Due to cold, wet weather in Georgia, we are now 2 weeks behind in our pickup dates. As this writing our 4/21 date WILL BE THUR 5/3 and FRI 5/4. Sorry for the mid-week pickup but we have no choice, and we CANNOT arrange a lower Cape pickup. All packages must be picked up in East Sandwich. Pickup will begin Thrusday, May 3rd after 4:30 PM, and we will do an installation demo at 6:30 PM. The Friday pickup will be anytime after 1 PM or by appointment (508-888-2304.) Early evening is a great time to hive a package.

The packages due 5/5 should arrive the week of May 7th., date and time TBA. The nucs are still scheduled for early May. Hive openings will be scheduled in June for all our new members.

The pickup will be at 186 Old County Rd, East Sandwich, after 1 P.M. Directions - Mid-Cape Hwy to Exit 4, north off the ramp for approximately ˝ mile, to a left onto Old County Rd. 186 is the first driveway on the left. Befitting our love of bees a sign hangs above a large rhododendron proclaiming ROCKY BOTTOM, along with a carved honeybee. For those of you not familiar with our location, be advised that parking is limited. Please park on the street, along the neighbor's fence, and between our drive and the Chase Rd intersection.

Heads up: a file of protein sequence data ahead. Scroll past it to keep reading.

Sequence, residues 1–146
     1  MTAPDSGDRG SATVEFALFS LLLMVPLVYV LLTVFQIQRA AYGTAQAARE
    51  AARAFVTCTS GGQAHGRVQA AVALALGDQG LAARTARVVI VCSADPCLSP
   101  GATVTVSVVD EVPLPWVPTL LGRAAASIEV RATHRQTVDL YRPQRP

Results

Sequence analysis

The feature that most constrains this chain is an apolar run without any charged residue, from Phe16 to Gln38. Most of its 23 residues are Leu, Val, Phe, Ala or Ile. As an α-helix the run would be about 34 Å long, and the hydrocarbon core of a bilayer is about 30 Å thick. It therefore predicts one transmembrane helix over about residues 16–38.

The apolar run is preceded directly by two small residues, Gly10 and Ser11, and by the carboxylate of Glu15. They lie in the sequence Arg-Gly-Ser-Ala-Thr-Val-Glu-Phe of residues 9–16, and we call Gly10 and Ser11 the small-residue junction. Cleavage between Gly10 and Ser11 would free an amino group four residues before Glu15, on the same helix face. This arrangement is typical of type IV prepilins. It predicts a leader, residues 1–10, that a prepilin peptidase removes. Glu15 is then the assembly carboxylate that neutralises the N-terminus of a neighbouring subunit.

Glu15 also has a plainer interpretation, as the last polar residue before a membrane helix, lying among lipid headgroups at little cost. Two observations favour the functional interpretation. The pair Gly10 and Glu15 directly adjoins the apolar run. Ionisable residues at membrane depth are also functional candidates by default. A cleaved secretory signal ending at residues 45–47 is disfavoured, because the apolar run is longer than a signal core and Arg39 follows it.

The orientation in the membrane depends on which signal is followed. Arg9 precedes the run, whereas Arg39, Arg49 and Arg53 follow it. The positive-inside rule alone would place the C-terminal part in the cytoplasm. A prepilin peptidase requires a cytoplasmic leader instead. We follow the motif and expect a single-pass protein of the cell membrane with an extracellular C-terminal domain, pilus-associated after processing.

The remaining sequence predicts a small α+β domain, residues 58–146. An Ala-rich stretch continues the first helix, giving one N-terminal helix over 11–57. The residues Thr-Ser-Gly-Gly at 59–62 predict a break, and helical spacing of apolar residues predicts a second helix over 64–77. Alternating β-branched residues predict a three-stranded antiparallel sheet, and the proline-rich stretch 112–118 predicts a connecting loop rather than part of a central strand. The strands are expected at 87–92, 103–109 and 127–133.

It is recommended you bring a veil if you are going to witness the installation demonstrations.

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Looking for an Organic Location for your Bees?
The Cedar Springs Organic Herb Farm in Harwich would love to have someone put a hive of two on their property. If you are interested, and have enough bees and the time to put into an outyard, contact Donna or Brad at the farm (508-430-4372). If you want more information before calling, you may contact Fran Meriot, who has had a hive there previously at 508-759-6945.

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Tribute
We have just learned of the loss of Malcolm Welch, one of our senior beekeepers. Mac kept his bees in Barnstable and will always be remembered as a true gentleman, dedicated beekeeper, and producer of perfect Ross Round comb honey. Our thoughts go out to Emma and her family.